I am going to explain why you are wrong about the assertion you made. This is where the whole conversation stops, and it is from here that the conversation will start once you accept the truth of my position and cease creating your own version of it to suit your prejudice.

      You assert I bring unprovable assumptions to the discussion, and you specify three:

      1 – God doesn’t exist.
      2 – Jesus didn’t rise from the dead.
      3 – The bible is not the word of god.

      The low hanging fruit, obvious to anyone with a grasp of the process of reason, is that those are not unprovable assumptions. They are, rather, the default position. Why? Because they represent a reaction to positive claims on the part of your position. When a positive claim is made, i.e.: “God exists,” the burden of proof is on the individual making that claim. I do not have to prove god doesn’t exist. Since god is unseen, and since there is no evidence for his existence that I have ever seen, it is up to you to either present verifiable evidence or to abandon your claim. You can choose to continue to believe your claim is true, but you cannot pretend that such a position is supported by any reasonable evidence, and therefore you cannot expect any reasonable person to accept your claims.

      To dig a little deeper, my position is not “God does not exist.” My position is actually, “I do not know if god exists or not, but on the available evidence, if any god does exist, that god is both unknown and, to date, unknowable.” That constitutes no assumptions other than that mankind has the ability to reasonably explore the world and the universe around him for truth, and that truth will be verifiable by evidence.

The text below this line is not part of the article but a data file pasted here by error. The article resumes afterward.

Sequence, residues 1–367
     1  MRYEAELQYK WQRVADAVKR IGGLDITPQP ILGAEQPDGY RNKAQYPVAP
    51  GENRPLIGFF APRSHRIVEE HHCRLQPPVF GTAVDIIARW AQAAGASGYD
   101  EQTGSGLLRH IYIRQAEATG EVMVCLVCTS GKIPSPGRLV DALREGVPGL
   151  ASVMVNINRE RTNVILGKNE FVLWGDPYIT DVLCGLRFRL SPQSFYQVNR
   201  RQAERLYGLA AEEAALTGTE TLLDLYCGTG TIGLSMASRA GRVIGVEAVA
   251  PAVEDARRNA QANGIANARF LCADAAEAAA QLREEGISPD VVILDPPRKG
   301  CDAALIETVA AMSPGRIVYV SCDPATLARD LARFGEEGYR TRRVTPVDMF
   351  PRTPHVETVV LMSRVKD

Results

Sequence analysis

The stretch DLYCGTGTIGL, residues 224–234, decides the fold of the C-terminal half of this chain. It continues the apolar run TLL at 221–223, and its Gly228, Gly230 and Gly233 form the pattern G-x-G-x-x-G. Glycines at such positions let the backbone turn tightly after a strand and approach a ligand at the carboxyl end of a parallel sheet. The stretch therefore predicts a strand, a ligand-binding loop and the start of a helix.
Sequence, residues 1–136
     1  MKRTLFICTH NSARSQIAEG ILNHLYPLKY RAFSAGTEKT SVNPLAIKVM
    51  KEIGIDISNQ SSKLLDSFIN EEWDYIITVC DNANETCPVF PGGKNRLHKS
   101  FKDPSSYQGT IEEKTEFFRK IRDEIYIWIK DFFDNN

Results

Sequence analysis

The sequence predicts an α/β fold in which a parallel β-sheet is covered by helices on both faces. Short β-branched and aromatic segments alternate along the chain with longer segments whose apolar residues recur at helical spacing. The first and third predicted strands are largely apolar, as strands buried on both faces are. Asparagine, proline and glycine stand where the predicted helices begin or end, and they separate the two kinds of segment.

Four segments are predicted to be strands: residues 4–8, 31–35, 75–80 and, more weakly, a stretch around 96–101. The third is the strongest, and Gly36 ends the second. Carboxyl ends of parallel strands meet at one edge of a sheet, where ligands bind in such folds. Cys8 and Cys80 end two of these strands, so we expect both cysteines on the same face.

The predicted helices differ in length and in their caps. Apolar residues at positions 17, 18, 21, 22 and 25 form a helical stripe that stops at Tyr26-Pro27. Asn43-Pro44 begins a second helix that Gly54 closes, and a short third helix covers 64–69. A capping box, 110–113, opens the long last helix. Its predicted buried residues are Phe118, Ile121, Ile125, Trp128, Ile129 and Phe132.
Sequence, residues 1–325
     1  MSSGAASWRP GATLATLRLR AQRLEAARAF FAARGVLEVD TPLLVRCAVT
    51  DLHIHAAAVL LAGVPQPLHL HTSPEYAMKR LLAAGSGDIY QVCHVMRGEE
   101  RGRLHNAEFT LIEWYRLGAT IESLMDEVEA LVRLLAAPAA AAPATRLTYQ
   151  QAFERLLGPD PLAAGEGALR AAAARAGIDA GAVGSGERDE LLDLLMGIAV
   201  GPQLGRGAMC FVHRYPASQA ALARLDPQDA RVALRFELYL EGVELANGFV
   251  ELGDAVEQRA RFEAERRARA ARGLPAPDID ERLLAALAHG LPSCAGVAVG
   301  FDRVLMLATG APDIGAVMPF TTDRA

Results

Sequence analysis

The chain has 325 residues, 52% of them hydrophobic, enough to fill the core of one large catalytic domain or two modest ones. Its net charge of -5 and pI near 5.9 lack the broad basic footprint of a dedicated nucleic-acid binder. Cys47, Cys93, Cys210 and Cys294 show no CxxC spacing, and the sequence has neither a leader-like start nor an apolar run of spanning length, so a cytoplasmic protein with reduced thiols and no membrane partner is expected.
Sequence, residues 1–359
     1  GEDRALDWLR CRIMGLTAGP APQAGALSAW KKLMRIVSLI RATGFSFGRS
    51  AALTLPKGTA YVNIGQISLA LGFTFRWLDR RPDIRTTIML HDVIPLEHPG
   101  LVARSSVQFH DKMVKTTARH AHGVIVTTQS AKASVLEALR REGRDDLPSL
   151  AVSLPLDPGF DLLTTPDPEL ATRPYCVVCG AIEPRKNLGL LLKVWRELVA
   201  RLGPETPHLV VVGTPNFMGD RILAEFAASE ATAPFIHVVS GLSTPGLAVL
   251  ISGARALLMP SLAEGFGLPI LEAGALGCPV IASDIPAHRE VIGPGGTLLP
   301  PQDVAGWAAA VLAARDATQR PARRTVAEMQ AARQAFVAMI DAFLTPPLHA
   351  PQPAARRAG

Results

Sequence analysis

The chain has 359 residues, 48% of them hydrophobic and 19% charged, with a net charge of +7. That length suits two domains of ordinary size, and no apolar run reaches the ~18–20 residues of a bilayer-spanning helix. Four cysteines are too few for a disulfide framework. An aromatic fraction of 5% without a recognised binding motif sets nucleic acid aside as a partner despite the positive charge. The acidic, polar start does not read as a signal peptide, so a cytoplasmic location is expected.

Now, this is usually where you claim something like “God can’t be known by logic.”

      (It’s getting very late – I’m going to pause here and let you ruminate – I’ll edit and continue my response in the morning.)

      EDIT: Onward -

      “God can’t be known by logic,” which phrase you’ve used, but then you say:

      I do have beliefs that are a result of carefully examining my then position of agnostic and rejecting it as not logically consistent. Those beliefs obviously will affect my thought process, and I do recognize that I am bringing them with me.

      So I have to ask which it is? Can god be found by logic or not? So you can use logic to reject agnosticism (or any non-theist position, one could presume) but then logic is no longer usable?

      The universe is full of possibility. No matter what you believe, from someone without preconception or any indoctrination, every possibility exists. No god, universe god, one god, two gods, three, a thousand gods, a million gods, infinite gods, and from there, who or what they are, how they operate, etc.

      All the individual can do is look at the evidence, use his or her sense of reason. If that is truly what you did, if you truly rejected agnosticism (and I assume atheism) by use of logic, and then in turn accepted Christianity as the logical alternative, forget that you’ve contradicted an earlier statement you made – show us how agnosticism/atheism is logically inconsistent, and defend it with reason. You can’t make the claims you do above, then claim you rejected the alternatives through logic, then when painted into a corner, claim that one can’t find god via logic.